My Travels to Baghdad

Iraq: An American Tragedy, My Travels to Baghdad

Warren Coats (2020)

Kindle and paperback versions available at: Iraq-American-Tragedy-My-Travels-Baghdad

From the corkscrew landing at Saddam International Airport (now the Baghdad International Airport) to adventures in the Green Zone and beyond, this recounting of my experiences helping the Central Bank of Iraq develop modern market tools of monetary policy exposes the disfunction of the U.S. lead Coalition Provisional Authority (CPA) in its attempt to govern and rebuild post Saddam Iraq, following one of America’s more foolish and damaging military adventures. The existence of weapons of mass destruction was a lie. American skill at imperial rule–from disbanding the Iraqi Army to De-Ba’athification of the Iraqi bureaucracy– was a myth. 

Regime changes usually don’t involve changes in the monetary system. However, the toppling of Saddam Hussein’s government and the occupation of Iraq and the takeover of its government by the United States and a few allies in the name of the Coalition Provisional Authority (CPA) was accompanied by the replacement of the so-called Saddam dinar and modernization of Iraq’s monetary and financial system. The Iraq war was launched with “shock and awe” on March 20, 2003 and President George W Bush declared “mission accomplished” on May 1 a month and a half later. But when I retired from the International Monetary Fund and took up residence in Baghdad to advise the Central Bank of Iraq on developing Iraq’s financial markets and managing its new currency, the fighting was not over on many fronts. I lived in Baghdad the last two months of the CPA (May-June 2004) and made four two-week visits between then and December 2005

In this book, much of it written in diary form at the time, I share the challenges of advising the staff and management of the Central Bank of Iraq from my office in the central bank and of navigating the U.S. interagency rivalry from my office in Saddam’s Republican Palace in Baghdad’s Green Zone.  Security was always a challenge, producing many adventures. But the wisest advice I received was from a colleague in the CPA, who told me to “be careful who you talk to here (CPA headquarters in the Republican Palace), your worst enemies are in this building.” Over my 26 years in the International Monetary Fund and the technical assistance missions I lead to some 20 countries, many of them post conflict countries, I have never encountered the disfunction and resulting ineptitude of the U.S. led Coalition Provisional Authority in Iraq.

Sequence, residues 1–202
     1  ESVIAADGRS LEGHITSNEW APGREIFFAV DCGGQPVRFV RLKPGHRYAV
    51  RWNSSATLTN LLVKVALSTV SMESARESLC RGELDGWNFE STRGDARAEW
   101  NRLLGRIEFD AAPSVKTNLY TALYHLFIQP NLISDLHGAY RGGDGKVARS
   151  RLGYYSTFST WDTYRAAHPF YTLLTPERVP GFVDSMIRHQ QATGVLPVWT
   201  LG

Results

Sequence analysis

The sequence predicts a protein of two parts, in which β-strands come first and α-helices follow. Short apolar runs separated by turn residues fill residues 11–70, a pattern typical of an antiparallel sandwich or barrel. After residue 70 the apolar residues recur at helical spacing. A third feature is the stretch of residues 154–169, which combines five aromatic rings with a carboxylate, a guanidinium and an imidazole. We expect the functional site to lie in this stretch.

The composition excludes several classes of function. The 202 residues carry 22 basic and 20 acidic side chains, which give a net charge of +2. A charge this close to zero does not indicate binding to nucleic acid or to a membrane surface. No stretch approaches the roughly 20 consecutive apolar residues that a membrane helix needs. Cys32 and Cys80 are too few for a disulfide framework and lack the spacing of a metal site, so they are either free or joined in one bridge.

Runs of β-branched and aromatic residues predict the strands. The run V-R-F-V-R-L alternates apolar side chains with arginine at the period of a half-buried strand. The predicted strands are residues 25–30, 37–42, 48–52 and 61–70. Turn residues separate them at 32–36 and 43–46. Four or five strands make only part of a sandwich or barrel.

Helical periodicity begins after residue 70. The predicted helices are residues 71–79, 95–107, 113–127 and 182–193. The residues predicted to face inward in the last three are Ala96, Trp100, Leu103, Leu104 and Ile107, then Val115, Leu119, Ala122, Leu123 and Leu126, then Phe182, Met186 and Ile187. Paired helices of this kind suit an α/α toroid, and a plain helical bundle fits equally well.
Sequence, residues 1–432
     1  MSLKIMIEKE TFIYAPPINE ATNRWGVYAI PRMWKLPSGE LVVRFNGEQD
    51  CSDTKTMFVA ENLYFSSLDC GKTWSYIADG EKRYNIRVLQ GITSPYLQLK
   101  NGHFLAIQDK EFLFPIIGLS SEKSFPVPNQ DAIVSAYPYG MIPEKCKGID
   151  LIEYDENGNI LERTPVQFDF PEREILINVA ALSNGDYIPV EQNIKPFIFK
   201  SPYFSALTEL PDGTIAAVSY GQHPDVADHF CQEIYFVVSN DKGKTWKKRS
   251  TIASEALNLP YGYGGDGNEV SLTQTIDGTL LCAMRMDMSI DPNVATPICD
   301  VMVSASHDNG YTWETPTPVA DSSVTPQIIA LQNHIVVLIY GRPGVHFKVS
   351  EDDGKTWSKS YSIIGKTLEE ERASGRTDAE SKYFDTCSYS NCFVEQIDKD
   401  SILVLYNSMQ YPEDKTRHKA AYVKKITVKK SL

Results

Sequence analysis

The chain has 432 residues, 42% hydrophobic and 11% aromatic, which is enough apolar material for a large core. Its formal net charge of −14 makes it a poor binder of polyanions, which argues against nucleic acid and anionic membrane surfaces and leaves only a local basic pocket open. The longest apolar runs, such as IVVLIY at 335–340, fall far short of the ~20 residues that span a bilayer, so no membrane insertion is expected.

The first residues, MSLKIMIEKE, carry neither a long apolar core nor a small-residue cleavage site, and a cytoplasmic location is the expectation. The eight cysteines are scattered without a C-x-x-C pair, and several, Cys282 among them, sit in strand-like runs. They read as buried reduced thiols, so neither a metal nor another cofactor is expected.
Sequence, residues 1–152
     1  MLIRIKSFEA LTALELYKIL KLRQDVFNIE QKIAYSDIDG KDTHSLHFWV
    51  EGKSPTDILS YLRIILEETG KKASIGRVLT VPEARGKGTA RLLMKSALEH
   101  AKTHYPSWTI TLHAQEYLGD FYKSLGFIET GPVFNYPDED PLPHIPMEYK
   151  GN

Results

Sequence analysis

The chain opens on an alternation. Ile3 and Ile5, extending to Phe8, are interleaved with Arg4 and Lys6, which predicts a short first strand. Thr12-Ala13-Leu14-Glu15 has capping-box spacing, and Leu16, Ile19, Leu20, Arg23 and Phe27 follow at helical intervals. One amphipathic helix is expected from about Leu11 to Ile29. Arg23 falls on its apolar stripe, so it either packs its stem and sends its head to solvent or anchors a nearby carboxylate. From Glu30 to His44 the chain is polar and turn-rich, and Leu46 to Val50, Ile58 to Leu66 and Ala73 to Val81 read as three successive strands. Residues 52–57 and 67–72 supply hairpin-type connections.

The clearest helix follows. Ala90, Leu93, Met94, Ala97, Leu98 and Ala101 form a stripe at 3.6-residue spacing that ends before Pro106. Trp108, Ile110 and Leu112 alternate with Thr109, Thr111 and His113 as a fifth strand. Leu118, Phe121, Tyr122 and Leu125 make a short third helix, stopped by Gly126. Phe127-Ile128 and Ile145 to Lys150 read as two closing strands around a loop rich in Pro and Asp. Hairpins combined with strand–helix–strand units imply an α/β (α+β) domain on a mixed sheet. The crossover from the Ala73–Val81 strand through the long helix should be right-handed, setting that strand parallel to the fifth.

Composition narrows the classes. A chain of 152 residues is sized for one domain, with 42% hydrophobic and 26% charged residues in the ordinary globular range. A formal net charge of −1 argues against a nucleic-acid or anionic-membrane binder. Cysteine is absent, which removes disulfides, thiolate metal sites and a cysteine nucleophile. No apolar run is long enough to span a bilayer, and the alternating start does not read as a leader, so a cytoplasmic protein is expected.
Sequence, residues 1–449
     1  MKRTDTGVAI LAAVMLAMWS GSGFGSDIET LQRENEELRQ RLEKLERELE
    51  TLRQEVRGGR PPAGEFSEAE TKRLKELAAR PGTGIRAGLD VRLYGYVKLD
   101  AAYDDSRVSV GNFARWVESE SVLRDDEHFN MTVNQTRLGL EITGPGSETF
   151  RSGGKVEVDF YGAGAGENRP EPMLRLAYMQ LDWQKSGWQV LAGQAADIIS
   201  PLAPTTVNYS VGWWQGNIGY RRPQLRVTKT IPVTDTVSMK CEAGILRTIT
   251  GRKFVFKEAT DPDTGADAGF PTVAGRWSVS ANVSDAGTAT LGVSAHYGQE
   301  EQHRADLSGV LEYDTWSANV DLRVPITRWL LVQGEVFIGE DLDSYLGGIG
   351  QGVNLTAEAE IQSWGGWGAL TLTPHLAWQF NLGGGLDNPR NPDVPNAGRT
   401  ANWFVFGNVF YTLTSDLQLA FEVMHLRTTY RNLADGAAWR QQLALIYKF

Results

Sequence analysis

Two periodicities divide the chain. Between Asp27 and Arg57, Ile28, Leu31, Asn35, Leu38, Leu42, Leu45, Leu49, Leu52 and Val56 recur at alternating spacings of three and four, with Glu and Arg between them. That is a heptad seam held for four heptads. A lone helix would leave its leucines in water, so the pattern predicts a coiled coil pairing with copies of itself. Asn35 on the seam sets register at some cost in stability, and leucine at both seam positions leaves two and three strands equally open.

Previous Books

One Currency for Bosnia: Creating the Central Bank of Bosnia and Herzegovina

by Warren Coats (2007)    Hard cover: One Currency for Bosnia

FSU: Building Market Economy Monetary Systems–My Travels in the Former Soviet Union

By Warren L Coats (2020)  Kindle and paperback versions available at: FSU-Building-Economy-Monetary-Systems

Afghanistan: Rebuilding the Central Bank after 9/11 — My Travels to Kabul

By Warren Coats (2020)  Kindle Edition:  “Afghanistan-Rebuilding the Central Bank after 9/11”

Zimbabwe: Challenges and Policy Options after Hyperinflation

by Warren L. Coats (Author), Geneviève Verdier (Author)  Format: Kindle Edition

Zimbabwe-Challenges and Policy Options after Hyperinflation-ebook

Money and Monetary Policy in Less Developed Countries: A Survey of Issues and Evidence

by Warren L. Coats (Author, Editor), Deena R. Khatkhate (Author, Editor)  Format: Kindle Edition

Money and Monetary Policy in LDCs-ebook

About wcoats

I specialize in advising central banks on monetary policy and the development of the capacity to formulate and implement monetary policy.  I joined the International Monetary Fund in 1975 from which I retired in 2003 as Assistant Director of the Monetary and Financial Systems Department. While at the IMF I led or participated in missions to the central banks of over twenty countries (including Afghanistan, Bosnia, Croatia, Egypt, Iraq, Israel, Kazakhstan, Kenya, Kosovo, Kyrgystan, Moldova, Serbia, Turkey, West Bank and Gaza Strip, and Zimbabwe) and was seconded as a visiting economist to the Board of Governors of the Federal Reserve System (1979-80), and to the World Bank's World Development Report team in 1989.  After retirement from the IMF I was a member of the Board of the Cayman Islands Monetary Authority from 2003-10 and of the editorial board of the Cayman Financial Review from 2010-2017.  Prior to joining the IMF I was Assistant Prof of Economics at UVa from 1970-75.  I am currently a fellow of Johns Hopkins Krieger School of Arts and Sciences, Institute for Applied Economics, Global Health, and the Study of Business Enterprise.  In March 2019 Central Banking Journal awarded me for my “Outstanding Contribution for Capacity Building.”  My most recent book is One Currency for Bosnia: Creating the Central Bank of Bosnia and Herzegovina. I have a BA in Economics from the UC Berkeley and a PhD in Economics from the University of Chicago. My dissertation committee was chaired by Milton Friedman and included Robert J. Gordon.
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